Effective Practices : Human Resources


Personnel Records
Human Resources Section 10

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1. What items are kept in a personnel file?
2. Who maintains the personnel files, ensuring their completeness and the appropriateness of information retained?
3. What are the biggest problems and challenges that must be overcome in properly managing this area of work?
4. What are the greatest successes schools report in this area?
5. What are the underlying philosophies that inform the policies and procedures in this area?

HR 10-1

What items are kept in a personnel file?
The following items are routinely kept in personnel files in our schools:

  • Application
  • Resume
  • Copy of offer letters and/or contracts
  • Copy of required immunization record and health screening forms
  • Performance evaluations
  • Salary/status change documents
  • Notices regarding corrective action taken
  • Notices of meritorious conduct
  • Termination notice and related correspondence
  • Appropriate immigration documentation
  • Fingerprint clearance documents as directed by law
  • COBRA correspondence (in the United States) (see COBRA)
  • W4 (in the United States)

Some schools noted that they separate the employee files into sub-files. For example, often times a sub-file is created to contain all performance evaluation and related documentation. Another sub-file is sometimes used for sensitive information such as reports from the state or local family and social service agencies. This approach allows broader access to the “business” portion of the file including those documents necessary for the business office in its ongoing work to accurately compensate individuals. The faculty chair and members of the personnel/faculty development committee can have access to the documentation regarding professional development and mentoring, while the school administrator maintains the social service sub-file.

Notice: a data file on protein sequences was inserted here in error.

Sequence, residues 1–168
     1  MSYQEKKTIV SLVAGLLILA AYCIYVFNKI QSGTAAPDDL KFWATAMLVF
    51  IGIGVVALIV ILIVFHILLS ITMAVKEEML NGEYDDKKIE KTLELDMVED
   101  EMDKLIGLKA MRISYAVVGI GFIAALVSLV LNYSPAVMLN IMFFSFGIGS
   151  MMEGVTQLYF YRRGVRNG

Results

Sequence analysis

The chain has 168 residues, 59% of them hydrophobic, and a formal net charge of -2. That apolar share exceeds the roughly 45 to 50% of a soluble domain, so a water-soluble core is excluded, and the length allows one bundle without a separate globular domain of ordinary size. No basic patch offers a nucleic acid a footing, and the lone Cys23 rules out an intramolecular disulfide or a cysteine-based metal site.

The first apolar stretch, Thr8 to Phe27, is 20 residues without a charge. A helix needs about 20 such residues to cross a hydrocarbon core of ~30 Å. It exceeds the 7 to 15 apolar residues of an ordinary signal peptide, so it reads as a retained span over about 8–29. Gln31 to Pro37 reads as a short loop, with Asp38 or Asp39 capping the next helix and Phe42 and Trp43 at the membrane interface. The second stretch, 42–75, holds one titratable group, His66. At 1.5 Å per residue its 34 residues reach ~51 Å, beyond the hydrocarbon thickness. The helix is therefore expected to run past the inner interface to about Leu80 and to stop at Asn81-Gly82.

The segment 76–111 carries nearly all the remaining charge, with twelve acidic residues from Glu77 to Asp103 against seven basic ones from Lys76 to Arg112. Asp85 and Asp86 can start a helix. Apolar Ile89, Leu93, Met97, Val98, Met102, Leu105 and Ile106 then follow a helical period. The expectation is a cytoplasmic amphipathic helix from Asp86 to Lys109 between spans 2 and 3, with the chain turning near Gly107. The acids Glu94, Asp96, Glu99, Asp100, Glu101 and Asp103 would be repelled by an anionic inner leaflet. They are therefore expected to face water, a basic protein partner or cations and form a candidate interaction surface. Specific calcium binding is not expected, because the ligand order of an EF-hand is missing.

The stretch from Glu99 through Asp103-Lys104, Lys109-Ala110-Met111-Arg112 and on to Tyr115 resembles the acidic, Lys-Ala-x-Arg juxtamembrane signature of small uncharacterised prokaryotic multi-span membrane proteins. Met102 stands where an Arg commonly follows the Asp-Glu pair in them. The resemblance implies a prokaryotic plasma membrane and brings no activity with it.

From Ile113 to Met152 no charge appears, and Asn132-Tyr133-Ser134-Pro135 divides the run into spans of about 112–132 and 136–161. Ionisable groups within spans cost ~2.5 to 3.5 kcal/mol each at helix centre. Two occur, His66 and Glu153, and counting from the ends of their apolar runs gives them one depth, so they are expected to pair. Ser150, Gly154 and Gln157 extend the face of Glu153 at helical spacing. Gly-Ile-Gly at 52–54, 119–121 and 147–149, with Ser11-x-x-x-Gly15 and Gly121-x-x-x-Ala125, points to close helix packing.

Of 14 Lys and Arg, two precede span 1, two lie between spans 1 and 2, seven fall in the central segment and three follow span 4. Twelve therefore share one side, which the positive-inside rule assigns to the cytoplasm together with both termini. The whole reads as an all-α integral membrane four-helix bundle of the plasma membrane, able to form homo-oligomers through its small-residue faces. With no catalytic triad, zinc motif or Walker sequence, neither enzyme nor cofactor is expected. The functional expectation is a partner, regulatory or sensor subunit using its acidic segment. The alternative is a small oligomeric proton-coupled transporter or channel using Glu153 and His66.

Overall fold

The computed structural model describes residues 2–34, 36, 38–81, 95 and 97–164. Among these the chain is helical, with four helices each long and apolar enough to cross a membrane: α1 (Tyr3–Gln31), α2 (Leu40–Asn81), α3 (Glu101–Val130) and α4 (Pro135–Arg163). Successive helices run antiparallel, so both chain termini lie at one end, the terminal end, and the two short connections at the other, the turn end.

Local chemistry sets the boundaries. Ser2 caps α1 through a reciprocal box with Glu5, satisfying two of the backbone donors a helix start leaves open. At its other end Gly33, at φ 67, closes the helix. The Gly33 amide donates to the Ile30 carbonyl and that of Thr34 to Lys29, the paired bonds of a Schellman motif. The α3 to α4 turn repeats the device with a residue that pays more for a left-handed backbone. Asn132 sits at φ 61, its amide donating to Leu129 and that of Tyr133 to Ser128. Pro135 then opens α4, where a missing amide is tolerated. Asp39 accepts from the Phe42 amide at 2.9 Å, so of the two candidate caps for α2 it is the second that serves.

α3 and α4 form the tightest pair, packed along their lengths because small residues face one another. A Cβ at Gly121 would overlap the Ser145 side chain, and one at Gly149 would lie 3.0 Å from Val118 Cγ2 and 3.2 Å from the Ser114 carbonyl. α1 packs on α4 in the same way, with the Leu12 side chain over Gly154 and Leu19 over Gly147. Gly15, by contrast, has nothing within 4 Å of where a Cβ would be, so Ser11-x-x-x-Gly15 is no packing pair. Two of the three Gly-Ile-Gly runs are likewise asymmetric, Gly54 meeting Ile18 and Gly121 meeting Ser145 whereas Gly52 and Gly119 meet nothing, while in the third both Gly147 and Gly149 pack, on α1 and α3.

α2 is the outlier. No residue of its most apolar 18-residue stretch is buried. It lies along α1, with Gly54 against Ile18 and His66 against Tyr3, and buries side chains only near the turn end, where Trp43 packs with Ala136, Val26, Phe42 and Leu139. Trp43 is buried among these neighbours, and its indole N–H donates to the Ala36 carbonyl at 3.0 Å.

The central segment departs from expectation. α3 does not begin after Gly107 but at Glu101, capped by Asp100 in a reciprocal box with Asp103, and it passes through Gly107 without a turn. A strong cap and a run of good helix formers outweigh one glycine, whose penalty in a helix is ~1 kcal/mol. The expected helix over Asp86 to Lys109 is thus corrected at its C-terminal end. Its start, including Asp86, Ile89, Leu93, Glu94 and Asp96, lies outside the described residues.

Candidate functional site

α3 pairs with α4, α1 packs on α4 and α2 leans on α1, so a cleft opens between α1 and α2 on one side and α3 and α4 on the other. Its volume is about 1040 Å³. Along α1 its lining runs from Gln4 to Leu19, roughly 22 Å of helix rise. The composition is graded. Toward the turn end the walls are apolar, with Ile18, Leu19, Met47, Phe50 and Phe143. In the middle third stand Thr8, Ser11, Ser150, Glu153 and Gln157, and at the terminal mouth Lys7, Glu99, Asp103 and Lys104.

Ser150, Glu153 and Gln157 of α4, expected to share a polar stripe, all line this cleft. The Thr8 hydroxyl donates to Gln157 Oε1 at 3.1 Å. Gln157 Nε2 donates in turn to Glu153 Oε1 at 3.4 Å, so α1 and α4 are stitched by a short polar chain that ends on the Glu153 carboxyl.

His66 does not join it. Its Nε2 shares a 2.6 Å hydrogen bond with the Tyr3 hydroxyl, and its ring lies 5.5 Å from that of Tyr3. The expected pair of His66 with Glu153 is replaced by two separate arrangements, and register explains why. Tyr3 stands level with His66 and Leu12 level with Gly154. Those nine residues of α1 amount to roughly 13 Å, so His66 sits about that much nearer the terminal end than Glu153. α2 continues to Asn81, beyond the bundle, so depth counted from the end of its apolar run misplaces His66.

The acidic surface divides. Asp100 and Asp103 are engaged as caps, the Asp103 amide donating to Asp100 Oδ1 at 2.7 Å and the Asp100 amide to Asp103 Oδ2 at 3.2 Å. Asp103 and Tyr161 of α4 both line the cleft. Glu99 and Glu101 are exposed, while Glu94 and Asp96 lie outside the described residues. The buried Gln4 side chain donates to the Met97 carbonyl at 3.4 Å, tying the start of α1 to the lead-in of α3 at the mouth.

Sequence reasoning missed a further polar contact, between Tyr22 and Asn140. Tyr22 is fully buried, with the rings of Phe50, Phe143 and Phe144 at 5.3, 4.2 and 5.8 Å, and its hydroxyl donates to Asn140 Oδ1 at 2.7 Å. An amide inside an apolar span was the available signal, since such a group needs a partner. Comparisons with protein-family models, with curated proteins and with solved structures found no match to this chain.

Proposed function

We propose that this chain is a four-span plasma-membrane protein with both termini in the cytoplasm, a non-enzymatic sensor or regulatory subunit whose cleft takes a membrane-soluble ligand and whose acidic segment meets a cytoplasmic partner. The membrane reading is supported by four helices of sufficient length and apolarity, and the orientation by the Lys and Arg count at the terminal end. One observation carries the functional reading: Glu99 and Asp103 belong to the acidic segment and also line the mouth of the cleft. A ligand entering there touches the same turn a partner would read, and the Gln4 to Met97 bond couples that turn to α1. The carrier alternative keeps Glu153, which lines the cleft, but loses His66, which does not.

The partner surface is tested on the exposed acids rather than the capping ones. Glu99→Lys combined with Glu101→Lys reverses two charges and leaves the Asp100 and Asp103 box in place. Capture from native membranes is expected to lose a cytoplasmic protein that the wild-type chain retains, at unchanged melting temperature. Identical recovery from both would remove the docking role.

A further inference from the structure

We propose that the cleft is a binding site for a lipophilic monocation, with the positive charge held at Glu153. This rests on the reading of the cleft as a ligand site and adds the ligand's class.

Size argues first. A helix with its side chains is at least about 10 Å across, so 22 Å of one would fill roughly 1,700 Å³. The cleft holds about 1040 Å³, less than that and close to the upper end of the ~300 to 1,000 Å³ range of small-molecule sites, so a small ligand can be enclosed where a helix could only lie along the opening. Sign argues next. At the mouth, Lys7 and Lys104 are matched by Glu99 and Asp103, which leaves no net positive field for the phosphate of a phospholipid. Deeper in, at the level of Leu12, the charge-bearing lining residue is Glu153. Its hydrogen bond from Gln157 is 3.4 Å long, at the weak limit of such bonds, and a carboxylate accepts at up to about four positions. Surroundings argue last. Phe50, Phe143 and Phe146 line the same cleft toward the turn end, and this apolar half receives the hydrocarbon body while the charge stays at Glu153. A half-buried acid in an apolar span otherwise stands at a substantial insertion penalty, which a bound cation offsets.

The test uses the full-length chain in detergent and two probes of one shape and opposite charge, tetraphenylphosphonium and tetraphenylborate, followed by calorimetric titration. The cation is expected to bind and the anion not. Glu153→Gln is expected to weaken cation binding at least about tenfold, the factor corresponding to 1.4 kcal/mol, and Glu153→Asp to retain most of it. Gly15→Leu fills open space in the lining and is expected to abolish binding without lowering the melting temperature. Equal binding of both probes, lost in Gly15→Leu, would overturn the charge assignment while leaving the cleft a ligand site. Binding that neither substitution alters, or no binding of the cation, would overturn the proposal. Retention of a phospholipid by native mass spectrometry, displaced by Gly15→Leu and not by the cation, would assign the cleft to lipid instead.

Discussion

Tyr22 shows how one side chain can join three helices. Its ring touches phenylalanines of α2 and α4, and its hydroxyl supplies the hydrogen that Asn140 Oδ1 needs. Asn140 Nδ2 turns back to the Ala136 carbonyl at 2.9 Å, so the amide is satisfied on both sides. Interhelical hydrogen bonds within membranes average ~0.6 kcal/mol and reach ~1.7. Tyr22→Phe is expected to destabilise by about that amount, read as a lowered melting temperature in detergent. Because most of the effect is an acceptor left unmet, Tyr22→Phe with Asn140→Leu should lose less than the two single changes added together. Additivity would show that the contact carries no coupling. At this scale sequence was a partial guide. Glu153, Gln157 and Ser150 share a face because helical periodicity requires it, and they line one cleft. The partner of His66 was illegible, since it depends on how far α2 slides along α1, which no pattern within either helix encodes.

In schools with off-site locations (such as stand-alone high schools or remote kindergarten satellites) duplicate files must sometimes be maintained. At times licensing requirements cause this duplication, for example in the early childhood area. At other times the school finds that much of the personnel file documentation is generated from the remote location. A copy is maintained in the local office and the original documents are forwarded to the main school for appropriate filing and action.

In the United States the residency process for immigrants requires that some material be kept in special separate files. Schools are advised to speak with their immigration attorney about these requirements to ensure compliance.

HR 10-2

Who maintains the personnel files, ensuring their completeness and the appropriateness of information retained?
In many schools the responsibility for the files lies with the administrator or a member of her staff. In some schools responsibility is shared between the administrator, business manager and personnel/faculty development committee. In cases where responsibility for the personnel files is shared it is important for schools to clearly identify one individual who will be responsible for ensuring the school’s document retention policy is in compliance with local, state and federal regulations and to audit files to ensure they meet the school’s policy.

HR 10-3

What are the biggest problems and challenges that must be overcome in properly managing this area of work?